Not far off FWLIW - “strawberry sea anemone” - Actinia fragacea.
very nice lightly fried in butter and spread on a HCB
Two newts swimming in my pond this morning, no doubt feasting on the tadpoles hatching. Thousands of tadpole eggs floating at the moment, the cold spell did for 5 adult frogs so I have been picking them out and re-cycling them in the green bin.
Don’t think so, a lot less spotty.
I was given some boxes of old used valves today. Among them were three 813s, some quite nice looking 5U4Gs, a pair of 6A3s (like 2A3s but with 6.3v heaters), a GZ34 and this
So far I’ve only tested the GZ34, which was stone dead (lots of internal shorts, boo hoo) and the above PP3/250 which, up to 250V which was as far as I could go, tested like new (yippee !). It’s basically a PX4. I’ve never owned a PX4.
6A3’s should be nice.
Looks a bit of a beast - what’s it do?
Actually not very much, in a sense. It and its equivalents come from an important point in valve history though. In 1929 M-OV (Marconi-Osram Valve) introduced the PX4 as a development of their existing ‘dull emitter’ range which, in turn, had been developed from the military surplus valves available after the first world war. The PX4 was capable of delivering ‘serious’ audio power - 2+ watts as a single-ended triode and 10 watts or more in a push-pull pair. Around this time talking movies were becoming common and the first radiograms were appearing, so there was a need for significant power. The PX4 became very popular and actually survived in new-design use until after WWII. The PP3/250 was Mazda’s equivalent to the PX4. Mine is a relatively early valve as indicated by its ‘balloon’ shaped envelope.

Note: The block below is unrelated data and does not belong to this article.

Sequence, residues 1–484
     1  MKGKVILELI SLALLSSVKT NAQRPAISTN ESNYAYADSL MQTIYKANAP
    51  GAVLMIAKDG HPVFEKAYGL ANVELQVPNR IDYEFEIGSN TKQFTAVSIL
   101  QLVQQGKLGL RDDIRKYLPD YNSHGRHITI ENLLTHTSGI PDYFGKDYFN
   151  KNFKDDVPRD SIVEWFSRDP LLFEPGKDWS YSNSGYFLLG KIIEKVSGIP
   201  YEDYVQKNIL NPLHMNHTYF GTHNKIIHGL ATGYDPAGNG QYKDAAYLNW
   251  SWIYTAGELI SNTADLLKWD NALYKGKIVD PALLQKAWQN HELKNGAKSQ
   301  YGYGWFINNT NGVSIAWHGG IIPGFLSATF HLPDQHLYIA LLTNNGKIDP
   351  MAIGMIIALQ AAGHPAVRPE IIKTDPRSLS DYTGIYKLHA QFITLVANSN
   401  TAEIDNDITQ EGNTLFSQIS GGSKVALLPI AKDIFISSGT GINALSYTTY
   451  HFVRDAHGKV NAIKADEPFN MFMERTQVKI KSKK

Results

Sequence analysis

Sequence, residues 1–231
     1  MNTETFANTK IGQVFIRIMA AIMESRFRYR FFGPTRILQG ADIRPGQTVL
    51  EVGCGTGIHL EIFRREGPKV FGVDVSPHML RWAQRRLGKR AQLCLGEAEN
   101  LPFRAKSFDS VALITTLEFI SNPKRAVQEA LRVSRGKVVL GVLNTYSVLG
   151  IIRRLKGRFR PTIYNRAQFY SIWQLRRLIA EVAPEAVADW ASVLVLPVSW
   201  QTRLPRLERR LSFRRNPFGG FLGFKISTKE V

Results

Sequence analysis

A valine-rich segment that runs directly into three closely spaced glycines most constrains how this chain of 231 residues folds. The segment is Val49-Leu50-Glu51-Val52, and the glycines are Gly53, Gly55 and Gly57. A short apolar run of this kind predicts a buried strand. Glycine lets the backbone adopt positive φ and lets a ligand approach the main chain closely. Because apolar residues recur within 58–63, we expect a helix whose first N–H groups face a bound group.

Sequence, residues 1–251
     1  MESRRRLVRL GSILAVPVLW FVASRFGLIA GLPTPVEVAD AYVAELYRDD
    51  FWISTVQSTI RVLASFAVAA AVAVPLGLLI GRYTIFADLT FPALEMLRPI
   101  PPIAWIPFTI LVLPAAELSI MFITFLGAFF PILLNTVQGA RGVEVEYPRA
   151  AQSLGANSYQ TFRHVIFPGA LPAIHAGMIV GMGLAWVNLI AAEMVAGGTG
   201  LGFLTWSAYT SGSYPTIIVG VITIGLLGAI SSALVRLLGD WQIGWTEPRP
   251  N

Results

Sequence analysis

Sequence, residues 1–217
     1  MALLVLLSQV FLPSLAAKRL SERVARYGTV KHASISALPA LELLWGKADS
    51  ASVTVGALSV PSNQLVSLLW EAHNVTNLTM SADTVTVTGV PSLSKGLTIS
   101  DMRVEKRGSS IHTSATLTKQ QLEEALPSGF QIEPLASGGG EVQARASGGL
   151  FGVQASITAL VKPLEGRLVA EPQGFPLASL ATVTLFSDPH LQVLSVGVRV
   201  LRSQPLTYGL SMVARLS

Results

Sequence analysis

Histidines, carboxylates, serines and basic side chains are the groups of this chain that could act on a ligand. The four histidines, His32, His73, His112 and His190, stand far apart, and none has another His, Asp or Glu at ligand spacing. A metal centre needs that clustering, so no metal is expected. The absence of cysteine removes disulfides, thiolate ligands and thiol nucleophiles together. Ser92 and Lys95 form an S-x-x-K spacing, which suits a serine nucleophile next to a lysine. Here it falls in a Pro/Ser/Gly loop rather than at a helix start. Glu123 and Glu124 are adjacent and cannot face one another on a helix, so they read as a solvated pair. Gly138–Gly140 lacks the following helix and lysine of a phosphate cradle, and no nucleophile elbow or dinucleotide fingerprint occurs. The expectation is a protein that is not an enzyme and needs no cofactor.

The PX25 is on my list of amps to hear or try, preferably with NOS valves.
Minute (although he looks about the right size, TBH).
Word is that triode-strapped KT66s have very much the same characteristics as PX25s. I’ve owned a PX25 for a couple of months now too, and I have KT66s, so when I get round to it I plan to check this out. In a parallel universe, where I am more productive than I am in this one, I will one day build a pair of these https://sites.google.com/a/wepoco.com/self-aware/Home/retro-geekery/valve-amplifiers/wireless-world-quality-amplifiers. They were developed through the 1930’s by writers for Wireless World (mostly the editor, W.T.Cocking) and represented pretty much the best that they could do with simple triode push-pull and no negative feedback. Almost immediately after the war Leak’s TL/12 Point One and the Williamson amplifier brought NFB into play and shortly afterwards ultralinear operation with beam tetrodes and pentodes was discovered and the big manufacturers never looked back.
This looks interesting as well, you could be quite busy for a while
Good (at least, objectively good) single-ended performance comes down so much to the quality of the output transformer and the linearity of the output valve.
If I understand it rightly the Loftin-White design (publ 1931 !) helped sort out problems that they had back then stemming mostly from the unavailability of high-gain small-signal valves. Given its very early date it does a surprisingly good job. But over the next decade I think better/simpler solutions became possible. So much of the appreciation of SET designs is subjective though that I’m sure there are still fans.
There was an interesting write up on the Loftin white in (now defunct, sadly) Vacuum Tube Valley Issue 6 a few years ago. Conclusion was that it was designed mostly to be cheap rather than great performing.
VTV archive can be found here:
Some great informaion on the history of tubes, circuits, reviews, schematics, etc.